China and nationalism

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Has the nationalism of the oppressed transformed itself into a nationalism of the oppressor? This is a question that flows from Simon Gilbert’s analysis of China and the national question (September SR).

The analysis that China is capitalist allows meaningful comparison with other societies. While everything that is written of the unfair treatment of ethnic minorities may be true, we must situate our research in the level and length of capitalist development. For example, after 70 years ethnic minorities occupy the lower ranks of the Chinese Communist Party and government apparatus, but after 500 years, the first ever Native American is only poised for election to the American Congress.

In Xinjiang and in Tibet, we should support the right of Tibetans and Uighurs to decide their own futures and their relationship to the Chinese government, and for independence if they should so decide. But we should be opposed to human rights becoming a tool of western foreign policy.

One arm of the Chinese occupation of Xinjiang is repression. We can be confident that there are Chinese versions of Guantanamo Bay and Abu Ghraib in Xinjiang. It has its re-education programmes that dovetail with our Prevent deradicalisation programmes. The arrests rate in Xinjiang has multiplied.

In the past two months, the figure of one million Uighur detainees in Xinjiang has emerged. It has been used at the UN and its purpose is to lay the grounds for sanctions.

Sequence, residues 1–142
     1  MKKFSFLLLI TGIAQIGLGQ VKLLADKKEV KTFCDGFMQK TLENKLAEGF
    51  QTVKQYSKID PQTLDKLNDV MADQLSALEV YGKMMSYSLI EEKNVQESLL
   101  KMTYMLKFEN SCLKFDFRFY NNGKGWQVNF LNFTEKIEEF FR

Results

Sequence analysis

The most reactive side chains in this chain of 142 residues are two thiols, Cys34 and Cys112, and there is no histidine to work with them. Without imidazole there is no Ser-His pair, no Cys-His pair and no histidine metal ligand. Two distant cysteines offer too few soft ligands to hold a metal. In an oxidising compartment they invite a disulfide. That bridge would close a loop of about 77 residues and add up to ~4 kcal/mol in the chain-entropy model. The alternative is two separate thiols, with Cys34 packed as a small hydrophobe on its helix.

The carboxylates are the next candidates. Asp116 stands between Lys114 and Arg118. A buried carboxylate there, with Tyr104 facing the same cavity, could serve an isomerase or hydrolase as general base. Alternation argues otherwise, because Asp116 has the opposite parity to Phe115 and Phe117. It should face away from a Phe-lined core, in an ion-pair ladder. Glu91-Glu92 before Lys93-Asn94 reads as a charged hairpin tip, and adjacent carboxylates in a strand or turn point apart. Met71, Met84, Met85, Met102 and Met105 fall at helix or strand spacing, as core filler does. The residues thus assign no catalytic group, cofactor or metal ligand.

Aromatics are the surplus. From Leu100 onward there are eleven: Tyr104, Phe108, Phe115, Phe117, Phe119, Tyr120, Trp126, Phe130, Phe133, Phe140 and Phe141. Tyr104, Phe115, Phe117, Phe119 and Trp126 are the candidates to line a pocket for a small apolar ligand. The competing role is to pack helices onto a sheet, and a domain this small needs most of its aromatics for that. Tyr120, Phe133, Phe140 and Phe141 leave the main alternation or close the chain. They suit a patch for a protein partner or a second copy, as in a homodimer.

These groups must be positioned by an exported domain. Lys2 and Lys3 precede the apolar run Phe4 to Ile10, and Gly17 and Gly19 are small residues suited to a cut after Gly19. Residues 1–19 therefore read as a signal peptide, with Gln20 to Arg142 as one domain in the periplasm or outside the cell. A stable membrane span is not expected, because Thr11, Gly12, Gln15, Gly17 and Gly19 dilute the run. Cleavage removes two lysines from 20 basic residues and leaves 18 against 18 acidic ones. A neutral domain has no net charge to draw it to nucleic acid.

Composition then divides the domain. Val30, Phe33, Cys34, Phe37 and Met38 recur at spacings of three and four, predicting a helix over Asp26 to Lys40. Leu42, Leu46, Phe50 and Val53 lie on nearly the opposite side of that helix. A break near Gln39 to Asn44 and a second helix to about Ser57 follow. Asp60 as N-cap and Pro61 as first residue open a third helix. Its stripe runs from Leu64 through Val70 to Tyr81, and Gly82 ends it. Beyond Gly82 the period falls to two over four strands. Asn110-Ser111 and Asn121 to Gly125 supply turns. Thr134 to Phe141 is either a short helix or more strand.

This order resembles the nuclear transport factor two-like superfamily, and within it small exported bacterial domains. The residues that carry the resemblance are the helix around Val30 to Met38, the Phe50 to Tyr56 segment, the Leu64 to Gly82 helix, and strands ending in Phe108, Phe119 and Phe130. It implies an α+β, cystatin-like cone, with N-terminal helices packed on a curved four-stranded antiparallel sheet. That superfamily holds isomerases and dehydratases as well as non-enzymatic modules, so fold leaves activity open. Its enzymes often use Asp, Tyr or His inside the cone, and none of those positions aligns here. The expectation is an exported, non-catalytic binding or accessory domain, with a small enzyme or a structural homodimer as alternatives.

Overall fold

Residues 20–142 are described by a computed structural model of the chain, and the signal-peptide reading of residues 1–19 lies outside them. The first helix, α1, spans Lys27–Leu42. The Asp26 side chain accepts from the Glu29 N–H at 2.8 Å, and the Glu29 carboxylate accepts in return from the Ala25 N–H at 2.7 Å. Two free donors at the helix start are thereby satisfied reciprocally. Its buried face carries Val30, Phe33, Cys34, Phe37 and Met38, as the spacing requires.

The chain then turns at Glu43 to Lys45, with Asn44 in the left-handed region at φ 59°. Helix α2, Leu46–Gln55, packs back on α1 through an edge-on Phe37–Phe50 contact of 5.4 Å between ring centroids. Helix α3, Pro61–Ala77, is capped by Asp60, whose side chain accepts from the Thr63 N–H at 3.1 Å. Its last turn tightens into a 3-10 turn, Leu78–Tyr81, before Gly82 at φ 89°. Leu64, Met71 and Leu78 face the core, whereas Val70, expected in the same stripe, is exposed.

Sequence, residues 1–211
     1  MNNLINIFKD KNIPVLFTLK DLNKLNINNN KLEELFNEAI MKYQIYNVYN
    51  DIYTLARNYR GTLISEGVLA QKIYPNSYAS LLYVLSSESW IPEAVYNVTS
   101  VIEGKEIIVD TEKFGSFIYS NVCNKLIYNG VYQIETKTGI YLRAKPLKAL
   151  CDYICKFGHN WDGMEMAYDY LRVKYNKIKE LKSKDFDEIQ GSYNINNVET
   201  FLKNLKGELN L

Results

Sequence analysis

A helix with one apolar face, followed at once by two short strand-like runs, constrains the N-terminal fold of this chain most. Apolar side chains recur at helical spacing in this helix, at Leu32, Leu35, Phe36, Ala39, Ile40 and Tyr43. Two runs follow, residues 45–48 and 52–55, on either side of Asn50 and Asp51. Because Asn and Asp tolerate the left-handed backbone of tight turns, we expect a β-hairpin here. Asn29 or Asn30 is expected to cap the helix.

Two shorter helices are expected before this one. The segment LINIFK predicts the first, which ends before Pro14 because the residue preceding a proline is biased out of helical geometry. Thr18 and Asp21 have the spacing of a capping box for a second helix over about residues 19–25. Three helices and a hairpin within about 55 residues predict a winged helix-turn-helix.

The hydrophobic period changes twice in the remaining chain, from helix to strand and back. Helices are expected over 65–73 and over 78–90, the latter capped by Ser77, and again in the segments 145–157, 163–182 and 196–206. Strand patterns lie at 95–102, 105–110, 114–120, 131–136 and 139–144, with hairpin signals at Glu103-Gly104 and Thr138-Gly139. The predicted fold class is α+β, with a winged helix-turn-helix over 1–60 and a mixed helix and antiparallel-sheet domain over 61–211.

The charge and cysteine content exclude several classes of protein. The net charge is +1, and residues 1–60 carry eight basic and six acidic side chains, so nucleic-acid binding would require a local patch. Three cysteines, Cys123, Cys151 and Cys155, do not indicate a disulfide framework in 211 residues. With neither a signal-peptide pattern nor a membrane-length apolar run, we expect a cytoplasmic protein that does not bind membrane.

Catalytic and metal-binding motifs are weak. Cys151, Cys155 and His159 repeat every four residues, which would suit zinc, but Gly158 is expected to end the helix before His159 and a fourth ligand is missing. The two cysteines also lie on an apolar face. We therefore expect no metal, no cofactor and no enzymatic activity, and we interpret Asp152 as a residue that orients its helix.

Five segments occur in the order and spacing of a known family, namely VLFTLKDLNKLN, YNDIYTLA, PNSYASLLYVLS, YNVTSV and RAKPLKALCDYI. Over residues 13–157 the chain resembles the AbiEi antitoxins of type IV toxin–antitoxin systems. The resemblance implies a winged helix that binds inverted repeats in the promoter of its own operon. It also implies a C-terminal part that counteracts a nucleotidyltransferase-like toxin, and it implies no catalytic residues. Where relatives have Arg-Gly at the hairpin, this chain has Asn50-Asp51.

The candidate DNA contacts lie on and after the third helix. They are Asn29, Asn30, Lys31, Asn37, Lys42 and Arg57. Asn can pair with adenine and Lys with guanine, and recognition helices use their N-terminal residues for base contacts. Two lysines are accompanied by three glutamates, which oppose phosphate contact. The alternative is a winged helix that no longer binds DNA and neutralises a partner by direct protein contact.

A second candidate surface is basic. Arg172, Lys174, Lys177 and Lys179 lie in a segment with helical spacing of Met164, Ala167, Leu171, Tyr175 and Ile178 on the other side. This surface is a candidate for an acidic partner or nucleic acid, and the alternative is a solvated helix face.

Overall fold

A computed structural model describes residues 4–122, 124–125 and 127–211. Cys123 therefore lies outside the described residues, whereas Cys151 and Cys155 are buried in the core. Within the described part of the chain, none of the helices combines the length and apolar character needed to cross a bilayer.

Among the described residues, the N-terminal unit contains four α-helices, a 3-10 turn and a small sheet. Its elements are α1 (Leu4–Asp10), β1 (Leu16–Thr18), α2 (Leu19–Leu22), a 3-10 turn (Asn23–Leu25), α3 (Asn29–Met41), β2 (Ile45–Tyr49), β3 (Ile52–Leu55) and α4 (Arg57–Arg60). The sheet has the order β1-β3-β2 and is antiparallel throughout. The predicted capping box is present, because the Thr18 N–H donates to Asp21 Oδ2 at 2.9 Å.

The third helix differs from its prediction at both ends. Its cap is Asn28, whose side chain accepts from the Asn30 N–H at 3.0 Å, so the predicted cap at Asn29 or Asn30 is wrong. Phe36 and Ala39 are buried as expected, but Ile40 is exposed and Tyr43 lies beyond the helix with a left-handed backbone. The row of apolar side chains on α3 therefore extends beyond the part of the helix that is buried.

The evidence are four pieces of research, about 20 interviews, and the repetition of these as evidence in the press and the media.

My cursory tracking of this “evidence” has seen Radio Free Asia, based in Washington, report the figure of 150,000 Uighurs passing through re-education camps in 2017 growing to one million detainees today. The number of inmates in each re-education centre ranges from a few hundred to thousands.

In the context of Obama’s pivot to Asia and Trump’s trade war with China, this figure is fake news because China will have to build one internment camp every six days if it imprisons 5,000 inmates in 200 internment camps.

While the Chinese government may use racism to justify its occupation of Xinjiang and Tibet, the concept of Han nationalism, originating in late 19th century, divides the population of Xinjiang into two tribes, Han and non-Han. This was the dominant explanation of the “Troubles” in Northern Ireland which socialists rejected. The relationship between Uighurs and Hans is nothing remotely akin to the relationship between the Palestinians and Israeli Jews, as the proponents of Han nationalists “settling” in Uighur Xinjiang suggest.

It would be better to see that the development of capitalism in China has been uneven, enriching some Chinese as it has enriched some ethnic minorities. As China has got richer, its politicians identify the problem of growing inequality. This same process is reproduced in Xinjiang, bringing capitalist development, unequally spread, growing inequality, and greater resentment. Interlaced with repression, this explains the incidences of terrorism and ethnic conflict.

Socialists should not take sides. We call for the dismantling of Chinese military bases in the South China Sea and the removal of American bases on the island of Okinawa. We should completely reject the anti-Maoism that the surveillance and repression in Xinjiang is likened to.